In December, theatre artist Patrick Livesey will board a plane to New York. For 18 months, they will live and study in the city that nurtured some of the greatest theatre minds in history.

Livesey’s time in New York will be supported by the Marten Bequest – a prestigious $50,000 scholarship that the Adelaide-born actor, writer and producer was awarded last week.

Only five years ago, Livesey was in a very different position. Having just graduated from the Victorian College of the Arts, they found themselves with few opportunities and plenty of anxiety about the future.

“Nothing in the world prepares you for going to a three-year drama school and then suddenly you have nothing,” says Livesey. “I had no idea what I wanted to do, other than I just wanted to do something. So, I pitched this one-person show.”

Patrick Livesey’s career was launched with solo show The Boy, George. Photo: Chris Oaten

That work, a comedy called The Boy, George, started Livesey down a path of independent artistry that would eventually take them to New York.

Navigating that journey successfully has been – Livesey says – partially about luck. But alongside good fortune, Livesey also brought a willingness to continually learn, built partnerships with inspiring collaborators, and received well-timed support from influential organisations, including the Adelaide Fringe.

The success of The Boy, George opened early doors after it premiered in 2018, and led to the creation of a second self-devised comedic show, Gone Girls.

“I had this kind of blind faith that everything will just work out with that show and I’m so thankful for that experience, because it didn’t,” says Livesey. “Audiences definitely found it humorous… but the story wasn’t perfect and it was all a bit mishmash.

“We did three seasons of the show before we got to Adelaide Fringe and from Adelaide Fringe we got programmed at a theatre in Victoria. So that’s an example of how, if you just do the circuit and you are willing to invest all the time and all the energy into refining the show, then it kind of can take on a life of its own.”

Gone Girls had seasons in both Adelaide and Victoria. Photo: Jacinta Oaten

Livesey’s steady growth was bringing them in contact with new collaborators. Working with people like friend and actor Annabel Larcombe, director Bronwen Coleman, playwright Angus Cameron, and their partner – actor and producer Wil King – was transforming Livesey’s creative approach.

“Working with Bronwen just made me feel…[that] I’ve come home to something. It allows me to express myself as an actor and it allows me to connect to my character and my impulses.

“It was working with people like Angus and Bronwen that really gave me a sense of, ‘Oh no – I could be a dramatic actor as well as a comedy actor, I can stand up there and hold an audience’s attention regardless of whether I’m trying to be funny or not’.”

Livesey’s first dramatic role was in DIЯT, which had its world premiere at Adelaide Fringe in 2021, where it was rapturously received. The play deals with the persecution of queer people in Russia and won both the Adelaide Critics Circle award and the Adelaide Fringe Frank Ford award, which comes with $20,000 in funding to support a tour.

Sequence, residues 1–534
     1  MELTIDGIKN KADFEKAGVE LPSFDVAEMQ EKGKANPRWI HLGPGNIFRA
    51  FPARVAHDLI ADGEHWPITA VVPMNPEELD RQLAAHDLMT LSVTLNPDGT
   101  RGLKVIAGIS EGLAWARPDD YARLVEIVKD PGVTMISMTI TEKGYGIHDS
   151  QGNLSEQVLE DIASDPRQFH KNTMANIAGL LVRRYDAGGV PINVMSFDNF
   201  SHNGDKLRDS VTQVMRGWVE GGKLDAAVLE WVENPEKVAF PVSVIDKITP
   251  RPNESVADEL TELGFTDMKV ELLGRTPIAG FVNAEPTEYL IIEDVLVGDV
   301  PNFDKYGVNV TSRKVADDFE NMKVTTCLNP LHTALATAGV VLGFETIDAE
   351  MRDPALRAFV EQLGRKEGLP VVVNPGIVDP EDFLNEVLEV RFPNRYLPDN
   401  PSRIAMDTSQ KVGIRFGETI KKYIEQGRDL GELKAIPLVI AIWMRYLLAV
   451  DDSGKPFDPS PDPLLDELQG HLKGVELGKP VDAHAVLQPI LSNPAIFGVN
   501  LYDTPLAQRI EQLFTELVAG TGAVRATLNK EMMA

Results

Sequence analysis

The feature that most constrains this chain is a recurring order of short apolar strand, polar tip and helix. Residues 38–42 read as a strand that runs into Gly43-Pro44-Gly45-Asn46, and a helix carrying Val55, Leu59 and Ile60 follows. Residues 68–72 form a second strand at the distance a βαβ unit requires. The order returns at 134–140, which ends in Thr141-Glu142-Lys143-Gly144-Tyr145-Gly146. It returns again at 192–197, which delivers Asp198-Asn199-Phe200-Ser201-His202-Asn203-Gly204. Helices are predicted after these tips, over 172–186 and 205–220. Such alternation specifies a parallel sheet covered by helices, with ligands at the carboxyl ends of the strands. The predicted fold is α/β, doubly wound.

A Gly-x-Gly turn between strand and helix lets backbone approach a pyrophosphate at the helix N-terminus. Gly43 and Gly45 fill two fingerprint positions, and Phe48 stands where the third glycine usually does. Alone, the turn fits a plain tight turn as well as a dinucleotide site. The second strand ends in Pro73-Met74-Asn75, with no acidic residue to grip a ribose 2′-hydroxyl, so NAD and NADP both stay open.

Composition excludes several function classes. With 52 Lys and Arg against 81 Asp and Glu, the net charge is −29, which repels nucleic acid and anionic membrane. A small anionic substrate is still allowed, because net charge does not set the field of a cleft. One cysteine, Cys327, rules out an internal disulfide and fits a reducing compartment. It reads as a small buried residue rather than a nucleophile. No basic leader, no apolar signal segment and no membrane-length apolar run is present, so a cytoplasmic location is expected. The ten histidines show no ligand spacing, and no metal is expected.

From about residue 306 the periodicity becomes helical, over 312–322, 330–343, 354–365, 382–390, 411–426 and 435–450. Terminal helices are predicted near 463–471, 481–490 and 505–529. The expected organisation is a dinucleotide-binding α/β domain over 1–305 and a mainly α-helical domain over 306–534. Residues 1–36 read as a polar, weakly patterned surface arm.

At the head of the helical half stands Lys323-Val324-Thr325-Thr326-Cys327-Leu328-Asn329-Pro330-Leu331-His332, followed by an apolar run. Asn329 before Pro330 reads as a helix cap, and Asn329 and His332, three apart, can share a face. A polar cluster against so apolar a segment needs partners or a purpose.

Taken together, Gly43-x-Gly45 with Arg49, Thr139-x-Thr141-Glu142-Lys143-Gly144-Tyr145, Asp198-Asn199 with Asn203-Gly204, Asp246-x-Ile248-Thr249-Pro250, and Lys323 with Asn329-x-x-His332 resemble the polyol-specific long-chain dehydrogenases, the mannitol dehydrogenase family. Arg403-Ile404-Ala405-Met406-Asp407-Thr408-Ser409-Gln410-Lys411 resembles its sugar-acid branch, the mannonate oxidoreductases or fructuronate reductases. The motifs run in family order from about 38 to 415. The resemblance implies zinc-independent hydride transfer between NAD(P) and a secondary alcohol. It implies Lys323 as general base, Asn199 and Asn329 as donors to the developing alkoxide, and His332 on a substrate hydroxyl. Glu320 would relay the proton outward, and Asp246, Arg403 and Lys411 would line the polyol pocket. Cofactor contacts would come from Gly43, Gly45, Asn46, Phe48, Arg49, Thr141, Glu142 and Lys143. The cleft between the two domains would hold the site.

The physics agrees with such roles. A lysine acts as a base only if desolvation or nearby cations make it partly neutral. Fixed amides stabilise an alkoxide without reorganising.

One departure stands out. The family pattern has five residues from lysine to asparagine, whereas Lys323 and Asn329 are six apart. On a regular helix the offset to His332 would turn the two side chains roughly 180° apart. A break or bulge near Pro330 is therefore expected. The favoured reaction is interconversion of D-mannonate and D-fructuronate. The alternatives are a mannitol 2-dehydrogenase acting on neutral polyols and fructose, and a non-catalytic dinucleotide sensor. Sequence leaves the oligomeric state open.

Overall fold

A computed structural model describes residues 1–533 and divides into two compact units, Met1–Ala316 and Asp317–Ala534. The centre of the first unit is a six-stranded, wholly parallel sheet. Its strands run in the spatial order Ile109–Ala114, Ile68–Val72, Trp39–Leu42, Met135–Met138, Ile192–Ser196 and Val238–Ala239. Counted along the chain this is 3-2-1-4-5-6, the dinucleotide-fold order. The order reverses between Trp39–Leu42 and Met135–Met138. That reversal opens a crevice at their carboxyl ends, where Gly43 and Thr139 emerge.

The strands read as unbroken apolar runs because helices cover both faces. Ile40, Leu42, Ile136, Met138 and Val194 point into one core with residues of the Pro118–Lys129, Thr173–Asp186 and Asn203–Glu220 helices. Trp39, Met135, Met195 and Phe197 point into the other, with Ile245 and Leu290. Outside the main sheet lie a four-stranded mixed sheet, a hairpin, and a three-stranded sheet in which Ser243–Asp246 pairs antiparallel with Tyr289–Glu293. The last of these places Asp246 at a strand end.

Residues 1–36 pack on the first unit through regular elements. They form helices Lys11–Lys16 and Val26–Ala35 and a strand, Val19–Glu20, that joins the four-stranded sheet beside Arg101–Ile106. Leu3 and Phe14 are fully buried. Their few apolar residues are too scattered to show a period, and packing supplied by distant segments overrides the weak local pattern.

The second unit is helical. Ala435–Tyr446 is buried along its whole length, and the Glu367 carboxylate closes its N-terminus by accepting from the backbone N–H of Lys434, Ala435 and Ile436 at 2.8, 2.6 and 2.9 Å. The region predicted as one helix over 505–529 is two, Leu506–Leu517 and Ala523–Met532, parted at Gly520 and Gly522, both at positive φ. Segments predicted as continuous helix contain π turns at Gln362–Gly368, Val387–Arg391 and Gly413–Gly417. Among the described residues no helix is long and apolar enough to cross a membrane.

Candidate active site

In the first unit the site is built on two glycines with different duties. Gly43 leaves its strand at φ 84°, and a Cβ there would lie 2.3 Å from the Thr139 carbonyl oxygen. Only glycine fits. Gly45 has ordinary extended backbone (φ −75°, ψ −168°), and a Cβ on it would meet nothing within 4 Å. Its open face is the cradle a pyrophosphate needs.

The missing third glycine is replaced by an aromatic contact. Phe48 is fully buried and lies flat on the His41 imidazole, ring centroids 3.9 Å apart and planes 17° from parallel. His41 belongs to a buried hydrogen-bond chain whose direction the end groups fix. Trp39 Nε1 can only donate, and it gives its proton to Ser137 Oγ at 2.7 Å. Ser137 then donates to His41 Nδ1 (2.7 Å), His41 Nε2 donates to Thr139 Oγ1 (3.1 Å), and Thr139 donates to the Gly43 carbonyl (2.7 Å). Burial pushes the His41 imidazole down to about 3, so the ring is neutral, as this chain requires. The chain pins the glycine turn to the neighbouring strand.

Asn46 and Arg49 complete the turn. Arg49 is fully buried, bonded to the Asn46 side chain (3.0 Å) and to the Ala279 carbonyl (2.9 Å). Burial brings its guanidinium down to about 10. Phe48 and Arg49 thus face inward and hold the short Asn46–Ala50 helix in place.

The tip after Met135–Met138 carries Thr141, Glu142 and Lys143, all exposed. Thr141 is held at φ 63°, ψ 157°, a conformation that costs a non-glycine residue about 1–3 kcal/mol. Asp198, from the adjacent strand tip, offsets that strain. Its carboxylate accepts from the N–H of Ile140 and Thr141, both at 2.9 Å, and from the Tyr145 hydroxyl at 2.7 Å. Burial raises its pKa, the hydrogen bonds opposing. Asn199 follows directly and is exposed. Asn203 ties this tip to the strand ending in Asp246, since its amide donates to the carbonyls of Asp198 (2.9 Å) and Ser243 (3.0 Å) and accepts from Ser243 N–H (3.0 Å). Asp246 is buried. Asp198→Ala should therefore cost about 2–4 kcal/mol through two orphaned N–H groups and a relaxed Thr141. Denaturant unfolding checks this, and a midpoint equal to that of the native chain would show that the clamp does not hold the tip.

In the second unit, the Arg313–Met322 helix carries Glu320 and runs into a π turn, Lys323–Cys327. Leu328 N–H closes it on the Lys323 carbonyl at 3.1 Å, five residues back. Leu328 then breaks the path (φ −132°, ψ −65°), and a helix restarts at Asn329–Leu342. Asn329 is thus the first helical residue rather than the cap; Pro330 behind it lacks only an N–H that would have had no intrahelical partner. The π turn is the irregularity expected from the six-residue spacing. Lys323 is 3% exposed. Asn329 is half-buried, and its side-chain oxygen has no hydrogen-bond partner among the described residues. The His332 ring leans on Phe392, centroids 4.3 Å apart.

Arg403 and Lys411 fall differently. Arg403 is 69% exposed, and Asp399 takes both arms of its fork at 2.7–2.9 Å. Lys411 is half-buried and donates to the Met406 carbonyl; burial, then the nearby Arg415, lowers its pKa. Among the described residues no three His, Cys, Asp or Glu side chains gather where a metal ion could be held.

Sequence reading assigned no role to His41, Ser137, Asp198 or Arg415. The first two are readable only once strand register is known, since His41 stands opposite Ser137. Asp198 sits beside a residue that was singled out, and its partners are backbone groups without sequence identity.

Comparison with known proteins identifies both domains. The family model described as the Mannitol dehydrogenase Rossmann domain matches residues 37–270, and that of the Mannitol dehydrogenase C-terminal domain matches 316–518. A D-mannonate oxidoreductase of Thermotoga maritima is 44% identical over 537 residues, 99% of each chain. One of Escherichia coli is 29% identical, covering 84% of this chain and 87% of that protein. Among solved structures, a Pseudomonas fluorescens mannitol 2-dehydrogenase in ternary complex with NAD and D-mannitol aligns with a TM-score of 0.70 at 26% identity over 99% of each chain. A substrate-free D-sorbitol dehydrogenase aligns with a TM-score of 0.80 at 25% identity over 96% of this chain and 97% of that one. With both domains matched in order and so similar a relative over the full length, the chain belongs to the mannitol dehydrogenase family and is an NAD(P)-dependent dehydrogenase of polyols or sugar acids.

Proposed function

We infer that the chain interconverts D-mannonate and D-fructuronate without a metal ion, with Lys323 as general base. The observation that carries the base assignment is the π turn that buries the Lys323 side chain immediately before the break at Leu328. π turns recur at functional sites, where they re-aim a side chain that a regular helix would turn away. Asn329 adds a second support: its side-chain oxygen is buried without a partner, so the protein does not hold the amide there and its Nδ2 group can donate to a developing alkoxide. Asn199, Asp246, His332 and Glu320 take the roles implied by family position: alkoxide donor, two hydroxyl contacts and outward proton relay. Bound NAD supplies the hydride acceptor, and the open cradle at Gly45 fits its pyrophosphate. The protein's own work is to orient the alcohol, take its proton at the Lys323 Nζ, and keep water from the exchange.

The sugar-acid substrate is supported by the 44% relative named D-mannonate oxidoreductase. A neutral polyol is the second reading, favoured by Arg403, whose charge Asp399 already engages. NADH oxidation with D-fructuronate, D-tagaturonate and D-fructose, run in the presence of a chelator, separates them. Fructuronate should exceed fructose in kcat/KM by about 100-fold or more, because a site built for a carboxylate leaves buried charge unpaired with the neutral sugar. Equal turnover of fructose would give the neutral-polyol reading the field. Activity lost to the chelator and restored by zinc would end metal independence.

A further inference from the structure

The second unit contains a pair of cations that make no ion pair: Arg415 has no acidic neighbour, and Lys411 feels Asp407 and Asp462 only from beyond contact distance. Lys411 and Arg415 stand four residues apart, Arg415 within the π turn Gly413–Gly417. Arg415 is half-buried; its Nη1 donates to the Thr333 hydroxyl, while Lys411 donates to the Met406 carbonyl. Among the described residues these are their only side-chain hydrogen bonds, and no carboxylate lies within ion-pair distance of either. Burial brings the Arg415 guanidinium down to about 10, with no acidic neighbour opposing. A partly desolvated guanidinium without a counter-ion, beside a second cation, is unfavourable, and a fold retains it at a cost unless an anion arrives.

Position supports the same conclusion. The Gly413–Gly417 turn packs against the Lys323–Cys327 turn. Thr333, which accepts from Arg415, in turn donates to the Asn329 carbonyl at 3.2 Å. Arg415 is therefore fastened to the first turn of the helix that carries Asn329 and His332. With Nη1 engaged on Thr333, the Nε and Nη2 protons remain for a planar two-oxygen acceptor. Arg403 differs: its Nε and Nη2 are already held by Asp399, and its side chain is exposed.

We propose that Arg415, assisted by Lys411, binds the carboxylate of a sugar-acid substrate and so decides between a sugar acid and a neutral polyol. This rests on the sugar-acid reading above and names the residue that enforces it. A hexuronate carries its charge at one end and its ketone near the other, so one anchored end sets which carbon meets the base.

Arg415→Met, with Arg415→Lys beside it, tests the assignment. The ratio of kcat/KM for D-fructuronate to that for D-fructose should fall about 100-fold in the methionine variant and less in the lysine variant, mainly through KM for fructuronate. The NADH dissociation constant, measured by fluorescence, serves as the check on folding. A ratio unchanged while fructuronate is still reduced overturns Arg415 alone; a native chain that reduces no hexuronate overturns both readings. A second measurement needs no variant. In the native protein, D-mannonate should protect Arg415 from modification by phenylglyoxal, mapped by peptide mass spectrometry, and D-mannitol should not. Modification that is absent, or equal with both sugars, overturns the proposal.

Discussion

With this backing, Livesey was set to embark on a new stage of their career – performing DIЯT and grasping the opportunities that come with touring.

COVID, though, stymied those plans. With fresh waves of lockdowns rolling across Melbourne, where Livesey is based, DIЯT remained on the shelf and Livesey was caught in an enforced creative slowdown.

“We were in a position where not only was arts funding in the country stripped back [over years]… then the pandemic hit that as well, so there were even fewer funding rounds.

“I had an idea for a new show, then I went to the Adelaide Fringe Artist Fund and they were accepting proposals. Getting that initial funding at the at the outset just helped so much.”

As the world shuddered under the ongoing weight of the pandemic, Livesey pushed themselves to make their most ambitious and intimate solo show. Based on interviews with friends and family, Naomi chronicles the life and death of Livesey’s mum and sees the actor embody eight different characters.

The nuanced and layered work, which premiered at this year’s Adelaide Fringe, showcases Livesey at the height of their powers, both as an actor and a writer.

Livesey in their intimate solo show Naomi, which premiered at this year’s Adelaide Fringe.

“What has ultimately led me towards this trip to New York city… is that I’ve been seeking out mentors and teachers and I’m hungry to continue to not only work as an actor but also to learn,” says Livesey.

Over the next six months leading up to their departure, Livesey has plenty to do. They are working again with the team from DIЯT, this time creating a four-handed play called cavemxn, which is the subject of a crowd-funding campaign and will premiere in November.

Before then, Livesey is also scheduled to perform multiple seasons of their existing works.

“I couldn’t have imagined that five years out of drama school there’d be a year where I would be doing six or seven of my own seasons,” says Livesey. “So I’m feeling very blessed.”

Five years doesn’t sound all that long, but – as Livesey knows – five years of hard work and creativity can, when matched with the right support, be just enough time for transformation.

‘DIЯT’ is playing at Chapel off Chapel in Prahran, Melbourne, until June 5. The Australian Cultural Fund crowd-funding campaign for ‘cavemxn’ is live until May 29.

The Business of Art is an InReview series about the development of performing arts careers and opportunities from Adelaide. The series has been produced with the support of Adelaide Fringe.

Read more of the series here.

 

 

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